Critics: Cases slipping from DA’s control

Chad Abraham

A lack of prosecutors with felony level experience in the 9th Judicial District is causing a crisis that is being felt around the Western Slope.At least three cases that had been lined up for felony trials have been plea-bargained to misdemeanors, and in one case, a trial wasn’t held at all, according to critics of District Attorney Colleen Truden.”[Defense attorneys] are riding this wave right now,” said attorney Sherry Caloia, the town prosecutor for Basalt and Carbondale who is planning a recall attempt of Truden.”The felony cases are going down to misdemeanors,” concurred Martin Beeson, a former deputy district attorney who resigned from the office this spring. “They’re being dismissed, and defendants are being given deferred judgment sentences when they’re not appropriate candidates.”Truden has run into a host of controversies since she took office in January, ranging from paying her husband $6,000 for computer work while at the same time paying another company nearly $9,000 for similar tasks to being questioned about the truthfulness of her statements to commissioners from two counties.She has also been criticized for ending a domestic violence diversion program and using taxpayer dollars to remodel her office.Now it’s the handling of her case load that is drawing attention.Before he resigned, Beeson said, he had four felony jury trials scheduled for the month of May.One of them was a case involving Samuel Johnston, who was charged with DUI while being a habitual traffic offender, a felony. If convicted, Johnston would have lost his driver’s license for five years and may have been sent to prison. He pleaded guilty recently to driving while alcohol impaired, a lesser offense than DUI, said Caloia. She said she is in possession of the paper work for several cases that have been settled or are working their way through the 9th Judicial District.”To be convicted of being a habitual traffic offender, you have to have three serious traffic offenses,” she said. “The public defender wanted a plea of a deferred judgment to the felony, and Martin Beeson said no, he had to take a felony.” Beeson, consulting his trial calendar at his home last night, said he remembered that case.The defense attorney wanted a deferred judgment sentence, Beeson said, but he and another deputy district attorney agreed that wasn’t appropriate. Beeson said Truden and Assistant District Attorney Vince Felletter agreed it should go to trial. He said he heard the case had been knocked down to a misdemeanor or there was a deferred judgment.Caloia confirmed Johnston received a lesser sentence.Truden and Felletter did not return phone calls Tuesday. “Defense attorneys are counting on the [inexperience]. I talk to the defense attorneys at random on various things. One defense attorney in particular told me this morning, ‘I’m just setting my stuff for trial. Why should I take a plea?'” Caloia said. “The lawyer said they’re continuing everything. There are so many mistakes that are being made as a result of the understaffing.”Because they don’t have enough time to make sure their underlying case preparation gets done, Caloia said, they go to court and want to continue a hearing to a later date.”The judges at some point aren’t going to continue these cases anymore.”The chaseA police officer said when he tried to pull over Rayburn Mouton near Parachute in August 2004, around 2 a.m., Mouton sped away, leading to a wild chase down remote dirt roads before he pulled over. He was charged with vehicular eluding, a felony, and eluding police, a misdemeanor. He also faced charges of DUI, reckless driving and driving without a license.Beeson said Mouton’s trial was set for Wednesday and Thursday of last week. Beeson, who had refused to offer Mouton a misdemeanor, said the suspect pleaded guilty to misdemeanors recently, avoiding a trial.”The [prosecutor] was Tony Hershey,” Caloia said. “[He’s] never tried a felony, he didn’t know how to try a felony.”This is not the kind of crime-fighting Truden promised when she ran for district attorney, Caloia said. She speculated these outcomes are a result of the resignations of deputy district attorneys and administrative staff, and the subsequent lack of experience.ReverberationsBoth attorneys brought up a recent dismissal of a bail bond violation charge in Grand Junction last week in which Felletter was assigned as a special prosecutor. Beeson said he was the original special prosecutor for the case, which was set for Tuesday and today.David Coff was charged with felony burglary in a domestic violence case. He allegedly violated his bond by having contact with a person who he was restricted from seeing.”That was, in my estimation, a slam dunk violation of bail bond conditions,” Beeson said.He said one of his witnesses was the deputy who arrested him, who later allegedly saw Coff walk into a courtroom with the person whom he was not allowed to contact.Last week, Caloia said Felletter “just outright dismissed” the case.Beeson said in addition to his cases, former Deputy District Attorney Jeff Cheney had four felony trials set for June. Beeson said Cheney offered to stay and try each case but Truden declined the offer.”It’ll be interesting to see what happens with his trials,” Beeson said.Caloia said she was still hearing “a lot of interest” in a recall effort. She said she will launch one July 11; state law dictates a district attorney must be in office six months before a recall attempt can begin.”I’ve done all the research I need to do about forming a committee, and I’m in the process of forming a committee.”Chad Abraham’s e-mail address is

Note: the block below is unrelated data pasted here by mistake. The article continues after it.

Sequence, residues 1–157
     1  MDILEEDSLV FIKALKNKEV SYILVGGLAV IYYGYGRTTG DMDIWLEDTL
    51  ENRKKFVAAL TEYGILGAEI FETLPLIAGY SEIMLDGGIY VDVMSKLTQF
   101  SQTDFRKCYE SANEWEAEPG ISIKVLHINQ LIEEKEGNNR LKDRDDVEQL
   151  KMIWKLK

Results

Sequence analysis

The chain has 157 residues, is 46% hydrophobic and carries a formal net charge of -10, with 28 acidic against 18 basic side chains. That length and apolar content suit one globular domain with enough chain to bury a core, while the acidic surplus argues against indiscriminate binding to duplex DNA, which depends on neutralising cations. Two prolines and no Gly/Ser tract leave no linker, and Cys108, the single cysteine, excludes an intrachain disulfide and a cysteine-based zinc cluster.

Professional dancers return to Aspen to perform in ‘The Nutcracker’

Roaring Fork Valley natives Emily Ridings and Nikki Ferry have come full circle when it comes to dance. Both studied dance with Aspen Santa Fe Ballet (ASFB) as kids, continued their training with other prominent schools, and now return this weekend, as ASFB presents “The Nutcracker” at Aspen District Theater.